Back in the autumn, I posted about making etrogcello, a variation on the sweet lemon-flavored liqeur limoncello. Instead of being made with lemons, this is made with etrogim, the nubbled citrons of which we make ritual use during Sukkot. I based my attempt mostly on the recipe at When life gives you lemons: peeled the etrogim, set the peels to soak in a large sterile jar filled with vodka, put it in the dark, and waited.
We tasted a tiny bit of it back around the winter solstice (after it had been sitting there for about two and a half months), sweetening our individual nips with sugar or with Splenda. It was pretty awesome. It's bright and citrusy and smells distinctively like etrog, which is an amazing scent and not quite like anything else I know. Ethan liked it well enough that he asked whether we could finish the etrogcello with a diabetic-friendly symple syrup. So I did some digging to see if that would work.
On this limoncello recipe, one of the commentors, blgpts, offered insights on how to make limoncello using Splenda instead of sugar. (I also spent some time reading How to make limoncello, an astonishingly comprehensive post about the making of this liqueur. I'd like to note, for the record, that I was not nearly as obsessive about filtering as it sounds like that guy tends to be...) From all accounts, Splenda adapts beautifully to simple syrups. So I made a Splenda simple syrup and added it to the quart jar... and then returned it to the darkness of the pantry, to remain dormant for a few weeks more.
After I got home from my ordination, I decanted what was in the jar:
The fruits of my etrogcello labors.
The little bottles are meant as gifts (at least one is going to Jeff, who graciously gave me his leftover etrogim to work with) and the big one is for us. I'm planning to save it for Tu BiShvat, the "new year of the trees." We'll toast that new year with a nip of our own homemade etrog liqueur -- a reminder of Sukkot and autumn and our sukkah and the crunch of leaves underfoot, a reminder to look back to last fall and also forward to next fall even as we inhabit this moment in deepest midwinter.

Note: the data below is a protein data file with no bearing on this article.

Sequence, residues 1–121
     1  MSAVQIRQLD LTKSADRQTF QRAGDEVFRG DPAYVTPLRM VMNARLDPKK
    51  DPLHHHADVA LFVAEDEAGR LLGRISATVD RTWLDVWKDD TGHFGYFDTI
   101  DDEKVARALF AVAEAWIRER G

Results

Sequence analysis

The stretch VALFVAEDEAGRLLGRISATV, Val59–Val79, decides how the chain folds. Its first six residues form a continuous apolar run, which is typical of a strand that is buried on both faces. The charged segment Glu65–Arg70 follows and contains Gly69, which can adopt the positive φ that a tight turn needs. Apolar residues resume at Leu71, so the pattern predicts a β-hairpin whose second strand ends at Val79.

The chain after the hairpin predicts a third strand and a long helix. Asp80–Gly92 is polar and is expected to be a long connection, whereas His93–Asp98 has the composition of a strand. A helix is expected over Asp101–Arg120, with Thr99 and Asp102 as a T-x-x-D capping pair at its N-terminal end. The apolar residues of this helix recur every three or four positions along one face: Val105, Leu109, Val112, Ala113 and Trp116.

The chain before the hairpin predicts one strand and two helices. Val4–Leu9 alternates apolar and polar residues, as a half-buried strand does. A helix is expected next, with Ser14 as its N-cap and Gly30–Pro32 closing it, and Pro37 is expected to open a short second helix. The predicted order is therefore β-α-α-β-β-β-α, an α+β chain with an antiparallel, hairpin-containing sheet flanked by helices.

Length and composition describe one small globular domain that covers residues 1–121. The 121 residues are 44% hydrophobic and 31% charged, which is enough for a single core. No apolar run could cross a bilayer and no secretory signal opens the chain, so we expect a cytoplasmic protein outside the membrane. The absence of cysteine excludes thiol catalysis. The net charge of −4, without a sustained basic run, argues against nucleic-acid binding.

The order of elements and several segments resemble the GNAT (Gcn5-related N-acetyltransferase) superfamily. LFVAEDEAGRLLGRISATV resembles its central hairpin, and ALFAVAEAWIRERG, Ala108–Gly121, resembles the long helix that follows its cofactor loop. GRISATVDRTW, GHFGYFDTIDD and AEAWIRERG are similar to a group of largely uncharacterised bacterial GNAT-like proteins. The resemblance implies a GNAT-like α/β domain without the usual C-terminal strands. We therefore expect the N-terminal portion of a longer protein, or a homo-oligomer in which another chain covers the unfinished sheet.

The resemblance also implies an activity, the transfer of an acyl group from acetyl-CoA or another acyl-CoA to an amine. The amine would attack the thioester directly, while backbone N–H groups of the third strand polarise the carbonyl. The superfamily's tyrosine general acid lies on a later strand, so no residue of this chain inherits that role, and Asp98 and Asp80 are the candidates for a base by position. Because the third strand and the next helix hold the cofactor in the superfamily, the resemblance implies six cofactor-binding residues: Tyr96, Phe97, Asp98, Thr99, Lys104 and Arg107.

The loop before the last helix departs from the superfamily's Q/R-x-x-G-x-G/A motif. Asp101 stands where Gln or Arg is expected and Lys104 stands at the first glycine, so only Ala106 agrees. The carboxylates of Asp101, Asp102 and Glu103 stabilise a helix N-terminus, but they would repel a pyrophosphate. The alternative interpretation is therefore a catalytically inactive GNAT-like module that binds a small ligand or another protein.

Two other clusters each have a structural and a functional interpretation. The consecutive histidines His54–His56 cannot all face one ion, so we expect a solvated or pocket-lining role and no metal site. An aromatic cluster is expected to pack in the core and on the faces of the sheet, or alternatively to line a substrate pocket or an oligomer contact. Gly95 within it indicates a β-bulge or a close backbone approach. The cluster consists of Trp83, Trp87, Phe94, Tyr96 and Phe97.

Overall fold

I love (re)connecting Judaism with its seasonal roots. At the full moon of the month of Shvat, Jewish tradition teaches us, the sap begins to rise and trees begin to nourish themselves toward the growing season that's coming. Tasting the fruit of actual trees helps me to remember that this isn't just an intellectual and spiritual teaching. I love all the mystical teachings about the roots of the Tree of Life, but this isn't only a celebration of those things -- it's a celebration of real live trees and their continued existence, too.
Torah is famously compared with a tree ("It is a tree of life for them that hold fast to it"), but at this moment in the year I like to think about the ways in which trees are like Torah: they are beautiful, they nurture us with their shade and their sustenance, and even though they change in appearance as the year unfolds there's something constant and solid about them, something we can hold on to.
And Torah is yummy. Just like our etrogcello. L'chaim!